The comment period for the FCC’s proposal to roll back the net neutrality rules established in 2015 was originally August 16 — next Wednesday. But after advocacy organizations asked the agency to add time to the clock in order to look through existing comments, the deadline has been extended (against the strenuous arguments of the broadband industry) by two weeks, to August 30.
The EFF, Public Knowledge, the ACLU and more filed a motion at the beginning of the month asking for eight weeks to be added. There’s adequate reason for it; 20 million comments are a lot to wade through, and thousands of them are more than the simple “I support/oppose the proposal.” One filed earlier this week is from Representatives who actually helped write and modify the Telecommunications Act that grants the FCC its powers to begin with.
Given the enormous volume, scope, complexity, and importance of the issues raised in the first round of comments, good cause plainly exists for this request. An extension is necessary to give Movants and other interested persons a minimum of adequate time to work through the initial comment record and prepare thorough and well-informed replies.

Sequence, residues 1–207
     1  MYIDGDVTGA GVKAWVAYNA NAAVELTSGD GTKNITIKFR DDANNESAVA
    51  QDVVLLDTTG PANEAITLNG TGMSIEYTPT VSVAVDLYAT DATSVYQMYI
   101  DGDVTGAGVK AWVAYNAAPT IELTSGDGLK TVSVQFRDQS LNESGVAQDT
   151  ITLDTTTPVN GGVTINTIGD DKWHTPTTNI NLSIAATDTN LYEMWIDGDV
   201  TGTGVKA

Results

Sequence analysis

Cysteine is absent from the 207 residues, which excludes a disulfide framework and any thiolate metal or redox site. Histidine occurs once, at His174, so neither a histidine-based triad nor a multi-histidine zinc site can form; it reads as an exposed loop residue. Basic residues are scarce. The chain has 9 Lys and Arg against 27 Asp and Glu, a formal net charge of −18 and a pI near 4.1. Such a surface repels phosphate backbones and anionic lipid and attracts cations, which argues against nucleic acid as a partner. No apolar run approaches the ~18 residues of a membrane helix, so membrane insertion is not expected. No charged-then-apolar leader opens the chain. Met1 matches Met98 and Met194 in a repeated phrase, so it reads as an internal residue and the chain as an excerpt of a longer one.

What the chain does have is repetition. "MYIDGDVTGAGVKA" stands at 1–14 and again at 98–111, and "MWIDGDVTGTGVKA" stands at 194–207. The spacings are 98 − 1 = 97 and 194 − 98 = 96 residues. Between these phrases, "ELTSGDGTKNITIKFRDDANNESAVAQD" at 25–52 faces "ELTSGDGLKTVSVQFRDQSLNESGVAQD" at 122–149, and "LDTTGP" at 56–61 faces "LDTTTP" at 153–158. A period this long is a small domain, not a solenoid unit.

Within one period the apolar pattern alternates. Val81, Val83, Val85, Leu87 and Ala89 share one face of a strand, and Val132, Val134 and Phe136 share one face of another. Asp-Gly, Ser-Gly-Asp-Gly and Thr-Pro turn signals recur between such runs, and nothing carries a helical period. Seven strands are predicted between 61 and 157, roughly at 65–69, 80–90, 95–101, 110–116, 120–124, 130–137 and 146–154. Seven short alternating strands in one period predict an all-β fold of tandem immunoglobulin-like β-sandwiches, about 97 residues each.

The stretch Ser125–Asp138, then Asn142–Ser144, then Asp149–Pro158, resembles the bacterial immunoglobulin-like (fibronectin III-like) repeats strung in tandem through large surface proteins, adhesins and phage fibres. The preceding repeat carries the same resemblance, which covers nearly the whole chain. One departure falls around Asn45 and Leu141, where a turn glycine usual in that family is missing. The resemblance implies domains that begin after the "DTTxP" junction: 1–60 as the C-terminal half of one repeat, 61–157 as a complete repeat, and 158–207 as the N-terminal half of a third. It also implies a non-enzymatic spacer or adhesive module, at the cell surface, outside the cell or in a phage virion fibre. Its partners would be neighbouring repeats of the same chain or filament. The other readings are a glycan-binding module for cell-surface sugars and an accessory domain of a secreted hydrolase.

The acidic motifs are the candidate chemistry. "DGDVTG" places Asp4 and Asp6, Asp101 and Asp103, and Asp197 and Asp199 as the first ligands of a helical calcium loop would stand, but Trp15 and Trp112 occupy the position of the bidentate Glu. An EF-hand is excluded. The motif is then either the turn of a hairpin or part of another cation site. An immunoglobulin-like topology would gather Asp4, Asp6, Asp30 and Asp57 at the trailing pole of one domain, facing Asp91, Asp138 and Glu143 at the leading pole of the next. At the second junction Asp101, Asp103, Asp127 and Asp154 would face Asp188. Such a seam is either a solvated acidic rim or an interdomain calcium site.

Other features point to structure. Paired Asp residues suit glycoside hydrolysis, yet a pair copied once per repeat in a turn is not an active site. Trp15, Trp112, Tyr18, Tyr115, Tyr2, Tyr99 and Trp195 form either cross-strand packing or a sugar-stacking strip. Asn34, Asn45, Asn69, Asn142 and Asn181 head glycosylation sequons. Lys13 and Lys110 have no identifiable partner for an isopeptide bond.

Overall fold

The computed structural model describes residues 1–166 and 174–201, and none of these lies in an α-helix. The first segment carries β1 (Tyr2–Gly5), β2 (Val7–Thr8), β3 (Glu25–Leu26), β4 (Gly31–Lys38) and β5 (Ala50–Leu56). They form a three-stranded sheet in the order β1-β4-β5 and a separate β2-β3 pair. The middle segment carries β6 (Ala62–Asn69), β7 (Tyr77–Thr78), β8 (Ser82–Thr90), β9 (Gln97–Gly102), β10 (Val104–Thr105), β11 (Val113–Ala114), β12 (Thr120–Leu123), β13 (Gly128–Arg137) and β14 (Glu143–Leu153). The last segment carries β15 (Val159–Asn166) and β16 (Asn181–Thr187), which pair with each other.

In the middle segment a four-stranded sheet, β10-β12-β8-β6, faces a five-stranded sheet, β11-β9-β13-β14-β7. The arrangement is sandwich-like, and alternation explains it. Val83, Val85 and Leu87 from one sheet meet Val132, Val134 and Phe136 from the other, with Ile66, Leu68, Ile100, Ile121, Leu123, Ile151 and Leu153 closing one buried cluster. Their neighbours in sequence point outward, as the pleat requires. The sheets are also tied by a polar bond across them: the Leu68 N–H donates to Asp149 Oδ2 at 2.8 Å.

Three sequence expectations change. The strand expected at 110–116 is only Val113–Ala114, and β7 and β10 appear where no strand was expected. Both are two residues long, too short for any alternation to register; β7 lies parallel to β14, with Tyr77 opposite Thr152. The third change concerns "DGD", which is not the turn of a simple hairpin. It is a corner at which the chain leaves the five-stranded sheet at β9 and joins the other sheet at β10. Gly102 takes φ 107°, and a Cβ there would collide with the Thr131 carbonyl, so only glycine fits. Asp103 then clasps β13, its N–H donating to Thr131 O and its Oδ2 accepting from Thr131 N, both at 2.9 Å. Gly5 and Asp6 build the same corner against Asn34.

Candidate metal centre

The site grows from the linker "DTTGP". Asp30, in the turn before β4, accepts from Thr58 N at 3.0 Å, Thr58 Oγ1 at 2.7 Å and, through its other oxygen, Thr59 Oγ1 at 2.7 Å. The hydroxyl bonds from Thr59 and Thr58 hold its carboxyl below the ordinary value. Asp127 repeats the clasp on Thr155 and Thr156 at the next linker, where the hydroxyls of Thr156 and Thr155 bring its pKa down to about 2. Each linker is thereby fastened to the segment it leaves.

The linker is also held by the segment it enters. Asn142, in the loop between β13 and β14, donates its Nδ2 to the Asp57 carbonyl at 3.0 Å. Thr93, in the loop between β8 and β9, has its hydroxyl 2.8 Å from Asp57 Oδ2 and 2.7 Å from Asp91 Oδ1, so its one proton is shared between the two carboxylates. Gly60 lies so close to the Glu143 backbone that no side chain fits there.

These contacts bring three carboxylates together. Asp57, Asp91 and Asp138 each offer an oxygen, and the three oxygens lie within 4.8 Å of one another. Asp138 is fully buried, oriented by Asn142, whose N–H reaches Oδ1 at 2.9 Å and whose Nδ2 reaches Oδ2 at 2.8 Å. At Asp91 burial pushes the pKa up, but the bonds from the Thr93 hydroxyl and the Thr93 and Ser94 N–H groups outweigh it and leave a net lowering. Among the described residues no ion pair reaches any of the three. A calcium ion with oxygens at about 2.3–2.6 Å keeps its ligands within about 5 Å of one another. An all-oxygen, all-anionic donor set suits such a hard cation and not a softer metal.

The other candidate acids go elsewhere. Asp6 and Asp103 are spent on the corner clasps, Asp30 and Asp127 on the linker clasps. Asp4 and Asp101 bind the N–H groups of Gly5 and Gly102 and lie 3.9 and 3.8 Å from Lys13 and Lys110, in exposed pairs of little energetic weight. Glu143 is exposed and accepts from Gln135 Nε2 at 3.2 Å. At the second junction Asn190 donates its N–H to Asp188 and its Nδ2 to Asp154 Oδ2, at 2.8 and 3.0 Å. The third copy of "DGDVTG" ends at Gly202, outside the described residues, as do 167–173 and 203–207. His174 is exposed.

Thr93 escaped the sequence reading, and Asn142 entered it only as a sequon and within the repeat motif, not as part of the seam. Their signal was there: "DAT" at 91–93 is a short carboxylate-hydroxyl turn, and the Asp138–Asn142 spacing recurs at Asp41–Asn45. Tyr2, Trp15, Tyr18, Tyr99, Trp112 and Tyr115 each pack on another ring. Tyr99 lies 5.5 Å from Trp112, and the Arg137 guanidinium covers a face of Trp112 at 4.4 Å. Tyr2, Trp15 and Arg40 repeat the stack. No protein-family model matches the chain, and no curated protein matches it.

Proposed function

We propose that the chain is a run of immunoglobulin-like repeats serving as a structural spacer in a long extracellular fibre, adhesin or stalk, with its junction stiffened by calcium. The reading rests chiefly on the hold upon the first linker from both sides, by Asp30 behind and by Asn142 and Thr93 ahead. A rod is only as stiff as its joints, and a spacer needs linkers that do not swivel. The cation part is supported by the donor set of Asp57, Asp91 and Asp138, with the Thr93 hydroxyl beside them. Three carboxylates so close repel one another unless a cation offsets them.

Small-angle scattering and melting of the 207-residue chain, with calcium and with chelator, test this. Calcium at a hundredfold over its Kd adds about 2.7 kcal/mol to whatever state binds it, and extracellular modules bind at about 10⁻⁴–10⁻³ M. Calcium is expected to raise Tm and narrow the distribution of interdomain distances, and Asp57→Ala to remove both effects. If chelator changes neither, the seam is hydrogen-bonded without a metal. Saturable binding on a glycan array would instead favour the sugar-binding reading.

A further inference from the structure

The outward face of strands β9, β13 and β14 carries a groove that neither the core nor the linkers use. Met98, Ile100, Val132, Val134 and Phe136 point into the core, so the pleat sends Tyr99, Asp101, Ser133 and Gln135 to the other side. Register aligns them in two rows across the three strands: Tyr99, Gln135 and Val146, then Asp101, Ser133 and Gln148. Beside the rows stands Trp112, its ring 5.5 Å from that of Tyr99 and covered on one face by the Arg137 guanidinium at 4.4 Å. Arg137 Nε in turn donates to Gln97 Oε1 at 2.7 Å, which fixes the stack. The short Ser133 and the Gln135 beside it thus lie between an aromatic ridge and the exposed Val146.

A filing from several broadband and telecom industry groups opposed the motion, saying that there’s already been plenty of time, and anyway we’ve talked it all over before.
The debate over the proper regulatory classification and treatment of broadband internet access is neither new nor novel. All stakeholders have had multiple opportunities to weigh in on the core issues in play here for over fifteen years across a range of public dockets…the facts and issues presented remain the same today as they have been for the entirety of this debate.
The filing also points out that millions of comments appear to be fraudulent — associated with nonexistent addresses, or duplicates, or what have you. There’s no denying that, on both sides of the equation, it turns out. But if anything that suggests more time should be spent examining the comment record, not less.
At any rate, the Commission agreed to delay the deadline, but by two weeks — less than the eight asked for by the movants, but more than the ten days suggested (if extension there must be) by the opponents.
It will, reads the order from Daniel Kahn from the FCC’s Wireline Competition Bureau, provide the Commission with more thorough commentary, “ensuring that the Commission has a complete record on which to develop its decisions.”
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